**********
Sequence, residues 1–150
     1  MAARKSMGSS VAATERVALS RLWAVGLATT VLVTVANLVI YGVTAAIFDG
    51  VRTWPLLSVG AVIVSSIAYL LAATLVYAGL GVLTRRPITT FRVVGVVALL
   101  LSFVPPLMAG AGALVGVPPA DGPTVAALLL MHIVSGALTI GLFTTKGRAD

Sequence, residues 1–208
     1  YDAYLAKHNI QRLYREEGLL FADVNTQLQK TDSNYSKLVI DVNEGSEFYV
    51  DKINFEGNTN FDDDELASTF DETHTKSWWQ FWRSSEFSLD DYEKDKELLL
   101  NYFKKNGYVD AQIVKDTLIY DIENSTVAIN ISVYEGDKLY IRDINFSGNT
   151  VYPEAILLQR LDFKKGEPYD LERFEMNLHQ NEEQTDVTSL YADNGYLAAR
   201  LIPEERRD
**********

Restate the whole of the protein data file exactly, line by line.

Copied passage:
Sequence, residues 1–150
     1  MAARKSMGSS VAATERVALS RLWAVGLATT VLVTVANLVI YGVTAAIFDG
    51  VRTWPLLSVG AVIVSSIAYL LAATLVYAGL GVLTRRPITT FRVVGVVALL
   101  LSFVPPLMAG AGALVGVPPA DGPTVAALLL MHIVSGALTI GLFTTKGRAD

Sequence, residues 1–208
     1  YDAYLAKHNI QRLYREEGLL FADVNTQLQK TDSNYSKLVI DVNEGSEFYV
    51  DKINFEGNTN FDDDELASTF DETHTKSWWQ FWRSSEFSLD DYEKDKELLL
   101  NYFKKNGYVD AQIVKDTLIY DIENSTVAIN ISVYEGDKLY IRDINFSGNT
   151  VYPEAILLQR LDFKKGEPYD LERFEMNLHQ NEEQTDVTSL YADNGYLAAR
   201  LIPEERRD